While the Shakopee Prison project had several major milestones in its legislative history, the one that provided initial authorization for the project occurred in 1982. At that time, the legislature authorized $4.7 million in state bonds to be issued for the construction of a new, state of the art, women's prison, adjacent to the old women's prison in Shakopee. The following year, construction began on the new women's prison (the only one in the state) and the new building opened in 1986.
In 1908, the state of Minnesota constructed a separate school for delinquent girls (the Minnesota Home School for Girls) in Sauk Centre. But it was not until 1920 that a separate prison for adult women opened in the state. Here is a report on testimony from a 1915 legislative hearing on the issue:
On March 4, at a legislative hearing at the State Capitol, Mrs. Isabel Davis Higbee made a plea for establishment of a reformatory for women. She argued in favor of a new institution where women offenders would neither be incarcerated with male inmates nor with teenage girls. At the conclusion of her talk, Mrs. Higbee collapsed and died. On March 10, the legislature passed a bill authorizing establishment of the women's reformatory. At the time, the majority of women law-breakers were found guilty of prostitution and were usually fined and sent home or committed to the workhouse for a short term. Others were sent to the State Prison, the State Reformatory or the girls' school. The superintendent at the reformatory took women inmates into his home or placed them in the local jail. (Corrections Retrospective, MN Department of Corrections, 1999)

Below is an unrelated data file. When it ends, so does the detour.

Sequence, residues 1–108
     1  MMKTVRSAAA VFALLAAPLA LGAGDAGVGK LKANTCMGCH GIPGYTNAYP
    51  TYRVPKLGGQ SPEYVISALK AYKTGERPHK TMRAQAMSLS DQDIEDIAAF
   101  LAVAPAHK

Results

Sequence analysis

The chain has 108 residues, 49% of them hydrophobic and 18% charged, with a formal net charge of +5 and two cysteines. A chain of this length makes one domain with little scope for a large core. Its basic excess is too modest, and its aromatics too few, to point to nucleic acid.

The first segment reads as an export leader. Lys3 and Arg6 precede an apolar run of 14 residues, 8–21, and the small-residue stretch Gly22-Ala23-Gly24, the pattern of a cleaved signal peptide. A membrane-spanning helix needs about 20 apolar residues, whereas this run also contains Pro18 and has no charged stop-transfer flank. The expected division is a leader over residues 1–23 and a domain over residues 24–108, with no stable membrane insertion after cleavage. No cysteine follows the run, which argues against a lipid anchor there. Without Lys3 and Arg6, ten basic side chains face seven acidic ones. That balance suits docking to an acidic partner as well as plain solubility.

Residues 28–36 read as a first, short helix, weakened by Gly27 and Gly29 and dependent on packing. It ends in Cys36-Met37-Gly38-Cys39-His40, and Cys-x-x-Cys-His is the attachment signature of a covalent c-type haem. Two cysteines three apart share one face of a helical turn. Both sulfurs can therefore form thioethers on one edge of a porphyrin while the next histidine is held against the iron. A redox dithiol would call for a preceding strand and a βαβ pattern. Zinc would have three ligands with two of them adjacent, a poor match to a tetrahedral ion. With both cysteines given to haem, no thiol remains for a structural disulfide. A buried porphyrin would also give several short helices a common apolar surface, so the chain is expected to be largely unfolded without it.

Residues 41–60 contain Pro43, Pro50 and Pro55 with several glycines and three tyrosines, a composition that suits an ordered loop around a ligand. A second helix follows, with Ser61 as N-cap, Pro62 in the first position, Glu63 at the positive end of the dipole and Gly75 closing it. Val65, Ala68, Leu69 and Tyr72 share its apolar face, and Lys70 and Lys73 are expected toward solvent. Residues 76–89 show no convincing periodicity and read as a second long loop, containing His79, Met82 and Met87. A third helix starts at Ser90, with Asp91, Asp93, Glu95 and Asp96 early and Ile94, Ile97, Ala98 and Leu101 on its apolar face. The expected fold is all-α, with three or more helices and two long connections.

When the new Shakopee Correctional Facility opened in 1986, the census was 92 inmates. Today there are close to 600. While there has not been a high profile breakout since the new prison opened, there is ongoing controversy in the community about the issue of fencing. Currently the prison has a hedge separating the prison from the community, but various legislators and law enforcement have tried over the years to have a 10-12 foot perimeter fence constructed, arguing that the types of prisoner have changed and grown increasingly violent. Others in the community argue against the fence and say it's not necessary. The Shakopee prison offers substance abuse treatment, parenting training and mental health treatment.
Bakkedahl, Dan. 'Uncaged Heat'. The Daily Show. March 7, 2006. A satirical look at the issue of erecting a fence around the Shakopee Prison.
Corrections Retrospective 1959-1999. St. Paul, MN : Minnesota Department of Corrections, 1999.
Facility Information: Minnesota Correctional Facility - Shakopee. St. Paul, MN: Minnesota Department of Corrections.
Cox, Peter. 'Shakopee Prison Fence Doing Time in Political Purgatory.' Star Tribune, March 2, 2010.